Some of the most significant interventions on ideas of rights and freedom have come in the form of prison writings, for instance Antonio Gramsci’s Prison Notebooks. From mundane issues like prison schedules, to your thoughts at the time, what was your time in prison like?

In prison you feel completely cut-off, as if you are only hearing the echoes of what is happening in the outside world. We received three newspapers for our barrack — The Hitavada, The Hindu and the Danik Bhaskar — but we get papers full of holes — literally. They [prison authorities] cut out all news regarding Maoists, naxalites, and anything related to the cases or trial of any of the people in jail…We also had a television that showed Doordarshan, that is how I learnt that the Supreme Court had granted me bail.

At present, the greatest violence is structural violence. Violence is not restricted to a few groups; it pervades the structure of our society. We need to break out of this structure of violence through a process of dialogue.

Could you elaborate on this idea of structural violence?

By structural violence I refer to the fact that half our children and our adults in this country suffer from malnutrition. Malnutrition casts a dark shadow over other diseases like malaria and tuberculosis. Continue reading

Palestinian prisoners: Hunger strike marks Prisoners’ Day

Apr 18th, 2011 | By Mona Dohle 

CAIRO: Palestinians in Israeli jails announced yesterday that they were declaring a symbolic one-day hunger strike in order to commemorate Prisoners’ Day on April 17. The strike was intended to draw attention to the violations of Human Rights carried out against Palestinian political prisoners.

Only days before the Israel’s Channel 2 broadcast exclusive footage on the death of Palestinian prisoner Mohammed al-Asqhar who died in Israeli prisons in 2007. The footage shows how detainees were called for a surprise surge at 2 a.m. When prisoners protested, the Israeli Control and Restrained Unit, also known as Masada, shot at them. The video shows how Masada officers told the prisoners that the firing would stop if all the prisoners would leave their tents. However, when the prisoners left their tents shooting continued.

Mohammed al-Ashqar died after being shot in the head at close range, and at least a dozen other inmates were wounded. According to Al Jazeera correspondent Nisreen El-Shamayleh, “the operation was intended to be a morale booster for Masada.” Continue reading

India: Arundhati Roy on Binayak Sen bail

Little pinholes of light have come out in this judgement, says author and activist Arundhati Roy on the Binayak Sen bail order by the Supreme Court. In an exclusive interview to CNN-IBN’s Rupashree Nanda, she also says ‘democracy is on a very slippery slope in Chhattisgarh’; that it is important to remember several others who are jailed under similar charges under ‘undemocratic laws’.

Rupashree Nanda: I remember you’d said that the judgement of the Raipur session court was intended to be a message, as a warning to others. What is the message of the Supreme Court bail order?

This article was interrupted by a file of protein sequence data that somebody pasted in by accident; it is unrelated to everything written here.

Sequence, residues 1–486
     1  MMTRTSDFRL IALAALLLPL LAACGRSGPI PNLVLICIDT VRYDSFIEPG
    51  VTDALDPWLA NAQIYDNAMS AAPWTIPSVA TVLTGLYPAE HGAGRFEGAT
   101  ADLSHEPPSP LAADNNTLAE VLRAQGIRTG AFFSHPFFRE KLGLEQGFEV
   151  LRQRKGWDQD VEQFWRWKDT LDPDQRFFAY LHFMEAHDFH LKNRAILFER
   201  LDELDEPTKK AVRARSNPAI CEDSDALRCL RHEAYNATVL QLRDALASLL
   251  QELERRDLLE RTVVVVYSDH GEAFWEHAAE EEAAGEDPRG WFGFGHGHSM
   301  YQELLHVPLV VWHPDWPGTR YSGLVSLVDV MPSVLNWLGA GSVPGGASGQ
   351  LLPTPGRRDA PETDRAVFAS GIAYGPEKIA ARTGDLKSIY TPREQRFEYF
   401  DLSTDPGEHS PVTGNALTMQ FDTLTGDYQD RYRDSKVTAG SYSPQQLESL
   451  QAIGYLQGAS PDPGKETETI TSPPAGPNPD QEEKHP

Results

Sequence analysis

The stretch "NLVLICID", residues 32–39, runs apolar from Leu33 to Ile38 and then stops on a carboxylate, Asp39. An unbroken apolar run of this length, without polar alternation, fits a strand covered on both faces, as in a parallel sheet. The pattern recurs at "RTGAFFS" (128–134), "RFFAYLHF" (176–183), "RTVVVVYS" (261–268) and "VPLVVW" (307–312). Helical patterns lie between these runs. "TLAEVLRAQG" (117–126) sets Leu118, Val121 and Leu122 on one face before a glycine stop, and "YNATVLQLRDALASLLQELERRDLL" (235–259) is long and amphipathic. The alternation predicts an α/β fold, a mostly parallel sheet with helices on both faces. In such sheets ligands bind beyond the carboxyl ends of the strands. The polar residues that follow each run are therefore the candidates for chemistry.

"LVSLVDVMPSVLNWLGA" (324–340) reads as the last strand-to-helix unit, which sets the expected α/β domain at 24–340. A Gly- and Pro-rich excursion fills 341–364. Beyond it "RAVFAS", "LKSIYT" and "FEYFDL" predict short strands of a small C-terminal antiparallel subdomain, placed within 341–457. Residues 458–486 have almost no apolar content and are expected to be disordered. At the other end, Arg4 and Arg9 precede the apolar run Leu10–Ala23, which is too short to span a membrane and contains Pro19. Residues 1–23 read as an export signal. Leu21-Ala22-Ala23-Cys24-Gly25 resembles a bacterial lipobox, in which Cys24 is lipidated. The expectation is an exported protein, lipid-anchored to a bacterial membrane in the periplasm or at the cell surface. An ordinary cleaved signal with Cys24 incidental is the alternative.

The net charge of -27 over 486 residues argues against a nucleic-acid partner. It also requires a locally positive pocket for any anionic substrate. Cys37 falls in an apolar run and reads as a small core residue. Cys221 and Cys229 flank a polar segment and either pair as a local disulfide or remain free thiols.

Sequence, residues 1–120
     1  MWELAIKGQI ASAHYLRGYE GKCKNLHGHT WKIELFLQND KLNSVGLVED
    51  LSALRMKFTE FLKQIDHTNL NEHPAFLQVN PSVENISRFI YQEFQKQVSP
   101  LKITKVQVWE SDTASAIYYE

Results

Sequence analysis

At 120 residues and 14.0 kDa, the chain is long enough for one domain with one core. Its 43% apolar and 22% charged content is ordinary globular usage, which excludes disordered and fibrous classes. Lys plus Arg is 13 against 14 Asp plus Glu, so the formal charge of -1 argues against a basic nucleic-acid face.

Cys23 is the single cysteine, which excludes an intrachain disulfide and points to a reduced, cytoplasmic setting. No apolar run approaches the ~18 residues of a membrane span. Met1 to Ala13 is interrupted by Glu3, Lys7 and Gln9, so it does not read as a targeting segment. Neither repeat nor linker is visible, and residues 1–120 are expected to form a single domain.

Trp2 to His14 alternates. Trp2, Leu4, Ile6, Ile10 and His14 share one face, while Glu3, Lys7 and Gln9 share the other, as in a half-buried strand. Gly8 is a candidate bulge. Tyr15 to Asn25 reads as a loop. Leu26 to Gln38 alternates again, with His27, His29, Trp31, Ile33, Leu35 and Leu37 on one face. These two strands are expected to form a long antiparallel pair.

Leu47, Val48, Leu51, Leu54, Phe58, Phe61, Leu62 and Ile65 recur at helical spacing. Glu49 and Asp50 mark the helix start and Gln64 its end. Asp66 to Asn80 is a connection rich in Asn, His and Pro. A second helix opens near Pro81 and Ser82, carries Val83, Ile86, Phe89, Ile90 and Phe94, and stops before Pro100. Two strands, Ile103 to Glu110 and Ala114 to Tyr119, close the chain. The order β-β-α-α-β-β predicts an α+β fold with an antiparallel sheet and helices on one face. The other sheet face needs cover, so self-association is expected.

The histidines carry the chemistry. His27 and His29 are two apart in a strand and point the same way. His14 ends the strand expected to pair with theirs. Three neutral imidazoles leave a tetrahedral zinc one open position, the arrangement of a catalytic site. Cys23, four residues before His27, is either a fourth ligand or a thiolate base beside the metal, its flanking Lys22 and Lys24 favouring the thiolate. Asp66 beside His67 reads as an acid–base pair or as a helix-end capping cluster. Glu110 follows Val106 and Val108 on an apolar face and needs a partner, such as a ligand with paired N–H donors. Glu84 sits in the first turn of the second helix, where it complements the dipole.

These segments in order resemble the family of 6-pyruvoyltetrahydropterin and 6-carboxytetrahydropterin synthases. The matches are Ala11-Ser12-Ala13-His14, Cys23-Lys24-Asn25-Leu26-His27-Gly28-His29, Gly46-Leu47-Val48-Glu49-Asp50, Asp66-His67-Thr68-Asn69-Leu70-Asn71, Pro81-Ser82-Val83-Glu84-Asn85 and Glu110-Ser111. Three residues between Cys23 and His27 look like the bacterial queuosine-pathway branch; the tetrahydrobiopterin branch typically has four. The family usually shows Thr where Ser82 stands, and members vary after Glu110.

Arundhati Roy: I think that the Supreme Court granting him bail and the comments that were made in court do suggest that somewhere the Supreme Court is of the mind that it was a vindictive judgment and that he does deserve the benefit of the doubt. And so they gave him bail. What happens is that it underlines the fact that he was being made an example of; and the terror that reigns in Chhattisgarh remains so. Because, how many people have those lawyers? And have the ability to come to the Supreme Court? How many people are there poor, unnamed and named, under the very same laws for even less reasons? But they cannot come up and get bail. In some ways, it is a very necessary thing that has happened today. And in other ways it is worrying because we have so many people who don’t have access to the Supreme Court. Continue reading

Serious cracks in the uni-polar imperialist world: “The Middle East: Allies in Disarray”

[The common interests of all imperialists notwithstanding–against the people of the world–the worldwide economic crisis has brought with it serious and deep political instability, especially in the US-dominated hegemonic alliances that have prevailed for decades.  Policy differences and regional conflicts between all the major powers grow more sharply and publicly expressed with each passing day.  Revolutionary people must be clear:  these are differences between imperialists (and what some call “sub-imperialists”) and the people must preserve their independence, clarify their interests and take the initiative at every opportunity, to oppose all reactionaries and imperialism.  By understanding the disarray of enemies, the people can recognise revolutionary openings and gain confidence in their own efforts.  The author of this article, Immanuel Wallerstein, is an influential critic of imperialist policies, though not a revolutionary Leninist or Maoist. While we disagree with many aspects of his theoretical system, the points he makes here have great importance and deserve study.  — Frontlines ed.]

April 20, 2011 By Immanuel Wallerstein

For the last fifty years, United States policy in the Middle East has been built around its very close links with three countries: Israel, Saudi Arabia, and Pakistan. In 2011, it is at odds with all three, and in very fundamental ways. It is also in public discord with Great Britain, France, Germany, Russia, China, and Brazil over its current policies in the region. It seems almost no one agrees with or follows the lead of the United States. One can hear the agonizing frustration of the president, the State Department, the Pentagon, and the CIA, all of whom see a situation careening out of control. Continue reading

“Epitaph for J. Edgar Hoover” by lincoln bergman

at a reading sponsored by the revolutionary poets brigade of san francisco, lincoln bergman, with indelible memories of the horrifying trail left by J. Edgar Hoover, presented his poem, “Epitaph for J. Edgar Hoover”.

the event, on november 7, 2010, was recorded by collision course media for its series, “the word is revolution”